Rep. Mick Mulvaney isn’t exactly a John Boehner crony. The Republican from South Carolina supported the revolt two years ago against the Speaker by voting for no one, and had an opportunity to join yesterday’s as well. Instead, he voted for Boehner and then lashed out at the conspirators for their lack of organization, preparation — and honesty. If they had really wanted change rather than a publicity stunt, they would have challenged Boehner at November’s Republican conference, where Boehner won an unanimous endorsement instead:
I learned two years ago that people lie about how they are going to vote. And you cannot go into this kind of fight with people you do not trust. We walked onto the floor two years ago with signed pledges – handwritten promises – from more than enough people to deny Boehner his job. But when it came time to vote, almost half of those people changed their minds – including some of those who voted against Boehner today. Fool me once, shame on you… Today was even worse: there were never enough votes to oust Boehner to begin with. On top of that, some people who had publicly said in the past that they wouldn’t vote for Boehner did just that. This was an effort driven as much by talk radio as by a thoughtful and principled effort to make a change. It was poorly considered and poorly executed, and I learned first-hand that is no way to fight a battle. This coup today was bound to fail. And in fact, it failed worse than I expected, falling 11 votes short of deposing the Speaker. At least two years ago we only failed by six. I also learned that the Floor of the House is the wrong place to have this battle. The hard truth is that we had an election for Speaker in November – just among Republicans. THAT was the time to fight. But not a single person ran against Boehner. Not one. If they had, we could’ve had a secret ballot to find out what the true level of opposition to John Boehner was. In fact, we could’ve done that as late as Monday night, on a vote of “no confidence” in the Speaker. But that didn’t happen…and at least one of the supposed challengers to Boehner today didn’t even go to the meeting last night. That told me a lot.
Mulvaney was also mystified about the choice of alternative who got the most votes from the mutineers:
Some people wrote me encouraging me to vote for Louie Gohmert. I like Louie, but let’s be clear: Louie Gohmert was – is – never ever going to be Speaker of the House. I respect his passion, but he isn’t a credible candidate. That was proved today by the fact that he got three votes, despite all the national media attention he managed to grab. My colleague who got the most anti-Boehner votes was Daniel Webster of Florida who got 12 votes. I like Daniel. He is a nice guy, and a good thinker…but his lifetime Heritage Action score is 60% (by comparison, mine is 91%). And this was supposed to be the savior of the conservative movement? Would the House really have been more conservative if he had won?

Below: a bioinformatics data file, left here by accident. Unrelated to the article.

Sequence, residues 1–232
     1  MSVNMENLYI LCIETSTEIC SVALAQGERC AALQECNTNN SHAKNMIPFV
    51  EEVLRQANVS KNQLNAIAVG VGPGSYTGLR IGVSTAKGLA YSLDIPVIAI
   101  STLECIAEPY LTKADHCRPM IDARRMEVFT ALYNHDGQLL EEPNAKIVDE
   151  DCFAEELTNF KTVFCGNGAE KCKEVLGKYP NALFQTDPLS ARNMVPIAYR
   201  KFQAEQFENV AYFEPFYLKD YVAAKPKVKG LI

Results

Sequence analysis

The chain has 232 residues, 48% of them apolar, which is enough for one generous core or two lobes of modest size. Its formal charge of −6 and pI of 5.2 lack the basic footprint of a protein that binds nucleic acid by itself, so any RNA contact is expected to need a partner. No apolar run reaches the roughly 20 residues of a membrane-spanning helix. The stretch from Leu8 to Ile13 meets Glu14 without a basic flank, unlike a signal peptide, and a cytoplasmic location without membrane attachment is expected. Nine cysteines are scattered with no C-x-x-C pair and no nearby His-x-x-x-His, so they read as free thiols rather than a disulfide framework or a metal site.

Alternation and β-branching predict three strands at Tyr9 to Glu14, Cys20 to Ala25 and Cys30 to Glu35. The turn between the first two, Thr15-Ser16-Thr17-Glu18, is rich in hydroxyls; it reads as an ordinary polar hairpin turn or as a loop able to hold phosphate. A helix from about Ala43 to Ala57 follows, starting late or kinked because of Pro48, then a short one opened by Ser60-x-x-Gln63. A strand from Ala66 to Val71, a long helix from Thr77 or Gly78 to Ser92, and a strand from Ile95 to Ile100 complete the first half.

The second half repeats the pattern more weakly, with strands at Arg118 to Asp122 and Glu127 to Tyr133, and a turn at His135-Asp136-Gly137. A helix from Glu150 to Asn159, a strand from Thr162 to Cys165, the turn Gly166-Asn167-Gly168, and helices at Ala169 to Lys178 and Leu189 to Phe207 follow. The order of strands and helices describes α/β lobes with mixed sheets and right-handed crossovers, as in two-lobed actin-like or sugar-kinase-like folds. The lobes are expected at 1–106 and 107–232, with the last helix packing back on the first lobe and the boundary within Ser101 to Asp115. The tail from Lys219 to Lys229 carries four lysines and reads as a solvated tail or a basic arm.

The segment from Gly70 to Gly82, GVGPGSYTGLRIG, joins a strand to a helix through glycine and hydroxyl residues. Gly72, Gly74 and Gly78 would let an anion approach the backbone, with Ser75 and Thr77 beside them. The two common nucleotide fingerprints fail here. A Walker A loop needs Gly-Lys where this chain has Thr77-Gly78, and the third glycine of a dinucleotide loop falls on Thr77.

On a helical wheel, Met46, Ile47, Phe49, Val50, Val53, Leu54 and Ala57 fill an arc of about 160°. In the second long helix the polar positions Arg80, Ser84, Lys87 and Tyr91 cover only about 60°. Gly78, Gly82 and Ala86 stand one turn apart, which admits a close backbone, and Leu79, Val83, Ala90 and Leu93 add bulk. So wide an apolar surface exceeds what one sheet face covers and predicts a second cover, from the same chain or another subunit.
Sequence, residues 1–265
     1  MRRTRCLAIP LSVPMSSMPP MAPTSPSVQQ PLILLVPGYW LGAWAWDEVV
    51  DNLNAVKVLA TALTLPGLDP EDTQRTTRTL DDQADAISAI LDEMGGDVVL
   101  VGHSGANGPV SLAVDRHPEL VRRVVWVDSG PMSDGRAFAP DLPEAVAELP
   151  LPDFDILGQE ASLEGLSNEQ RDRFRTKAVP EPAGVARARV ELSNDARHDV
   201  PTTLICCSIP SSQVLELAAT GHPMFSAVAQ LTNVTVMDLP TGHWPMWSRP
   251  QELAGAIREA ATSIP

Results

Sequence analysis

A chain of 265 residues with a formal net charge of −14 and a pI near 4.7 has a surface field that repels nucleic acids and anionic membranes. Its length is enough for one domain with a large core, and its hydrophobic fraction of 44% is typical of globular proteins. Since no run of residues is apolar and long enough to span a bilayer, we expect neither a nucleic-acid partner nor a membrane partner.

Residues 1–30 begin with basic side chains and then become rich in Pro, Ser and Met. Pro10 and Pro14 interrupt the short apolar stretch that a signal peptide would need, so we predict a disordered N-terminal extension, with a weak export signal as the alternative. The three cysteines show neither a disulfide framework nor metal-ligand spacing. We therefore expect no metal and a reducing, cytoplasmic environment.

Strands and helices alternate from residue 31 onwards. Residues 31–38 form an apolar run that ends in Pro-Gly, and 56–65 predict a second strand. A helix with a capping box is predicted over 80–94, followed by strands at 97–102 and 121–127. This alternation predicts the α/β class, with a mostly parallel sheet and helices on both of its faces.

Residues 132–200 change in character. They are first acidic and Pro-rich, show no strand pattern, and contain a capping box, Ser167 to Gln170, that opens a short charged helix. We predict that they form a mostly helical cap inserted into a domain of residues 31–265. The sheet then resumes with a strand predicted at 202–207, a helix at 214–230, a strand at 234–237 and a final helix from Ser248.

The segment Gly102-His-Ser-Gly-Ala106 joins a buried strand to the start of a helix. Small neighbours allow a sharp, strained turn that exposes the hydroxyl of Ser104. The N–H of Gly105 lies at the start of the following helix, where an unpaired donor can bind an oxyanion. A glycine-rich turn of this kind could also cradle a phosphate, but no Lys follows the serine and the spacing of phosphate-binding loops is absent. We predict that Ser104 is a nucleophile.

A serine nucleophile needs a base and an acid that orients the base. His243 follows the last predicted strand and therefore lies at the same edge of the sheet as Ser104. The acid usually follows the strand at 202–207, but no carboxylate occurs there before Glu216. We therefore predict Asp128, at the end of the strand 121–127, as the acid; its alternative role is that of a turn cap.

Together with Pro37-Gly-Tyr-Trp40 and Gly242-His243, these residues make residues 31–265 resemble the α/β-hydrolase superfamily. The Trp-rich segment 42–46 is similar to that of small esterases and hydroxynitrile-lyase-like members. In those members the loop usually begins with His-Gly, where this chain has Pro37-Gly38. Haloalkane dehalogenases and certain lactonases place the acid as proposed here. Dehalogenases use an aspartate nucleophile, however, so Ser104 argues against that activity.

Matt Lewis was similarly unimpressed by the alternative presented, and the lack of planning that produced it:
He was brave! — he was daring! — he was an insurgent! What he wasn’t was terribly conservative. In fact, it turns out that Webster has earned just a 56 percent rating on Heritage Action’s scorecard. Was supporting this failed effort worth “burning up the phone lines” over? For all the talk about wanting a real conservative as speaker, defining victory as the installment of someone who earned a failing grade in conservatism class seems absurd. (In fairness, Webster has a 67 percent rating from the Club for Growth, so we can give him a “D+” on fiscal issues.)
This was my exact problem with the revolt yesterday. Had the conservatives organized themselves effectively — and they had two years to do so, after their failure in 2013 — they would have had a viable and reliably conservative alternative along with a new game plan for the 114th Session of the House, both ready to roll out at the November conference. They didn’t have any of that, despite telling constituents for months that they planned to oppose Boehner as Speaker in the next term. Gohmert, Webster, and their allies just decided to do a last-minute, ad hoc campaign. It was doomed to failure, nothing more than a publicity stunt. Given that, why should anyone have thought that this group would have provided effective leadership for the next two years? Mulvaney certainly didn’t, having had a ringside seat for their half-baked maneuverings twice. They may have gotten 25 votes yesterday, but that’s only 10% of the Republican caucus. If they had taken a more serious and intelligent approach, they might have won the confidence of their colleagues, who now have seen this part of the conservative wing shoot itself in the foot twice. Mulvaney predicted that they would pay a price for it, because that’s what happened the last time, too: